I recently read an article from the Washington Post that really hit home with me. I am certainly not the only person to comment on it (Will Richardson, Conservative Teacher, GenYes, Joanne Jacobs, and a Zillion Others) but the article is important to me because it illustrates the opposition that I face every day in my position as Computer Resource Specialist.
To sum the article up- a teacher is complaining because the staff of his brand new school are being forced into using technology for instructional purposes. They want to do what they have always done. In their eyes, the world has not changed. They feel that they are doing the best possible job using the traditional tools and don't want to be forced into changing.
Change is the important element here and how teachers, as well as school systems, handle change.
I think it is human nature that makes people avoid change, it is easier that way. Inside, I believe that we all say this- I can do what I did before, it was ok then, it will be ok now. Teachers have always been the vehicle of instruction. Stand in front of the class and pour out knowledge to the students. "Write down what I say, because it is important." Teaching with technology requires that teachers teach differently. This different way of teaching is a direct challenge to how teachers see themselves in the classroom. They are no longer the expert, but a learner and the technology is now seen as the vehicle for instruction. The teacher's role is diminished. Of course teachers will resist this educational technology change- right up until they retire, or they see the light.
I think as a rule, school systems handle change very badly. If the change can't be managed over a 10 year time frame, schools will not be able to adjust. Technology is changing much too rapidly for any school system to keep up, so school divisions tend to make leaps and jumps with the technology they put in schools. Funding does not supply a steady stream of techno-goodies into the classroom, and normally as soon as technology gets there, it is obsolete. Administrators somehow believe that technology purchases are finite. That this big purchase this year will solve all of our problems for the next few years. They are not eager to "dump" money into the bottomless pit of technology, year after year, so the spending ends. You can not approach a long term problem with short term answers.
Teachers have seen all of this influx of stuff before in some previous technology incarnation, or educational trend, and refer to this as just another part of a cycle. Next year it will be something else. Teachers, deep down, believe that if they can just get by this year, they will be able to wait out this latest technology push.
It is not all the teacher's fault; they are not adequately prepared by their employers for the change of using new instructional tools. When the techno-goodies arrive, in most cases, the teachers are just thrown in the deep end of the pool without any training. Most of the time any training that is offered, is up the teacher to acquire on their own time, and does not translate into the much needed core area professional development that teachers must have to stay certified. Optional training allows teachers to opt out.
So, now we all know there is a problem, how do we address it? Elementary my dear Watson, everyone involved in education must accept that technology is changing education and that each of us has a role to actively perform in this continuing process. The world is changing, do something to make these changes positive for the classroom. I thought this was going to be hard!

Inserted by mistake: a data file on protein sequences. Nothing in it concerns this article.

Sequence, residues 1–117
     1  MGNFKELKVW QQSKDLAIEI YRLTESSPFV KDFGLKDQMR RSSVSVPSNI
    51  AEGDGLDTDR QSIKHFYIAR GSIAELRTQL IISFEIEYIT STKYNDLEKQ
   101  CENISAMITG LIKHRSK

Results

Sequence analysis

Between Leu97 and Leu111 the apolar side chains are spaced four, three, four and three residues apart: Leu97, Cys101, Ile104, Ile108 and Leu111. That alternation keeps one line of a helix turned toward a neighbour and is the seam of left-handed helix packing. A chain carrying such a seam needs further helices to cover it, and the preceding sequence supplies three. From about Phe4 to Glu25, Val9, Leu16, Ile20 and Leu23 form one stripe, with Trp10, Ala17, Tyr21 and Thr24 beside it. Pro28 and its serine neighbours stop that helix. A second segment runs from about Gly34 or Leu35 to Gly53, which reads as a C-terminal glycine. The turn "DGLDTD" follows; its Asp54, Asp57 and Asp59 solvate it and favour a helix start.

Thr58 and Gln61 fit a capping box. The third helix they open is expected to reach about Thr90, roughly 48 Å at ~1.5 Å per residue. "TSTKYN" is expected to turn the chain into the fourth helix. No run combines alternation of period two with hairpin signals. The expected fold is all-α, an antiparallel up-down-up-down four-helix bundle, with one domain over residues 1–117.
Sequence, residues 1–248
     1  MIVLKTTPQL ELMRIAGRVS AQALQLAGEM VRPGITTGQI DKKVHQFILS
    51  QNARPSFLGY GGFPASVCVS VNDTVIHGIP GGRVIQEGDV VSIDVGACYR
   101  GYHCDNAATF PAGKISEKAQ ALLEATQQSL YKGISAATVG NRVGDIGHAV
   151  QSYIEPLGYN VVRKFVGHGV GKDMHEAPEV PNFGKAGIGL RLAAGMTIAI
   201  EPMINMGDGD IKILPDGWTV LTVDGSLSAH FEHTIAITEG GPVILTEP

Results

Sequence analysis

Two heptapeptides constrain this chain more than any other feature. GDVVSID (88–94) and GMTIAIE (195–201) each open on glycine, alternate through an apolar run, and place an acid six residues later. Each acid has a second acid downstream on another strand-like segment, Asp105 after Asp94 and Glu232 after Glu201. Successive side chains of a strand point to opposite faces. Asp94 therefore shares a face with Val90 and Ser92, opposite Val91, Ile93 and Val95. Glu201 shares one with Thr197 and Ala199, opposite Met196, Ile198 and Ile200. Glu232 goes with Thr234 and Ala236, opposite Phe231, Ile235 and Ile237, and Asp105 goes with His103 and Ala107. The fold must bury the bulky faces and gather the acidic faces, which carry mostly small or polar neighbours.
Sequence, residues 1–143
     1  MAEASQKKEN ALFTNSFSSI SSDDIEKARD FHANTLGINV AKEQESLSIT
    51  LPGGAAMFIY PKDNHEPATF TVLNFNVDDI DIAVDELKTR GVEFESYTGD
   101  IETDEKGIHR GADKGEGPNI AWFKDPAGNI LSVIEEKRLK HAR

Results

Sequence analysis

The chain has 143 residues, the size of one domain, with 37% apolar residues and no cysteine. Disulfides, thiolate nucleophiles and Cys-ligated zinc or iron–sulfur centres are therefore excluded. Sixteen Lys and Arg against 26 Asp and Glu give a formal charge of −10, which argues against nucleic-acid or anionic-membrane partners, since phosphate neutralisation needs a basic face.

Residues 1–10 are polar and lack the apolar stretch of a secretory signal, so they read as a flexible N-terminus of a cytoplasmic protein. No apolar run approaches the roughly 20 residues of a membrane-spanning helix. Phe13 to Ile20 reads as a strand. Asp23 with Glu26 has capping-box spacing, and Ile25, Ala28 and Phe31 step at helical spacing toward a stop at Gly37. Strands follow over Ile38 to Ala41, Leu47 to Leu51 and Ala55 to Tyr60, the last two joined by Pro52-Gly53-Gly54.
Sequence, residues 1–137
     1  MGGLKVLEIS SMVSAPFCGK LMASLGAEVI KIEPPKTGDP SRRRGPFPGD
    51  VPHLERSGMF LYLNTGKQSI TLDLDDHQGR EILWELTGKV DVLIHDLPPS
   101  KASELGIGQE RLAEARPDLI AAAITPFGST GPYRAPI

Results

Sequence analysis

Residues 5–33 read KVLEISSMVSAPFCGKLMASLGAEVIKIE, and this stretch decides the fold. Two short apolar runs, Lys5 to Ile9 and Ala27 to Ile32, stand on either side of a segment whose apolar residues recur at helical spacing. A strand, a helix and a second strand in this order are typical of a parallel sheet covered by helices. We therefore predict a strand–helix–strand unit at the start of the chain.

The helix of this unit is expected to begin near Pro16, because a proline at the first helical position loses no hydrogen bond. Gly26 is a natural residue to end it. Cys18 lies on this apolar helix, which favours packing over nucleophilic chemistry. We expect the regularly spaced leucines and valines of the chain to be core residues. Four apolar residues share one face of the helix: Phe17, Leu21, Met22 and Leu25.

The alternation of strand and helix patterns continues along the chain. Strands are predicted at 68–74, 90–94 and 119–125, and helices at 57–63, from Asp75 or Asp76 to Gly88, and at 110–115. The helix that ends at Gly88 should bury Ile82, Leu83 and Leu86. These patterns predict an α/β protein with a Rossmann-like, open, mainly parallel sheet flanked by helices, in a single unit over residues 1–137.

School divisions must implement long term plans for acquiring technology and demand that all staff members learn the skills needed to use the tools provided by giving mandatory training. All teachers should be evaluated on the technology training that is provided, during the yearly teacher evaluation process.
Acceptance of educational change must begin at the top. This is the most difficult task to achieve because the people in charge are the ones with the most experience and are the least accepting of any changes. Administrators must embrace technology changes because they set the tone in each building. If they don't believe in the value of technology, neither will their staff. It will not matter what gizmos the school gets, the overall educational technology program will suffer.
Teachers who resist this technology change need to understand is that this change will not undo itself and go back to 20 years ago. While it may be easier to do what we have always done, evolution dictates that only those who can adapt to changes in their environment will survive. If teachers are given the chance to change through appropriate instructional technology training and are still incapable of using these new skills, they should be removed from the classroom. The new teachers may not have the experience that older teachers have, but because they want the job, they are much more adaptable.
Mr. Welsh, the writer of the Washington Post article, is an experienced teacher with 30 years of service. He resents the technology changes that he is forced into using for instruction. I have a simple solution for him and all of the other teachers who resist the educational technology changes. Retire. Supplement your income with a job at Wal-Mart as a greeter. Wave hello to people and slap stickers on little kids who visit the store. You are a dinosaur and your resistance to change hurts the population that you are paid to serve. This unappreciative teacher has an administration that supports technology change in education, a brand new building, and it seems, a lot of useful technology. Mr. Welsh (and all those teachers like him), while I am sure that you are a good teacher, your inability to adapt does not make you a superior teacher. Do your students a favor, and get out of teaching.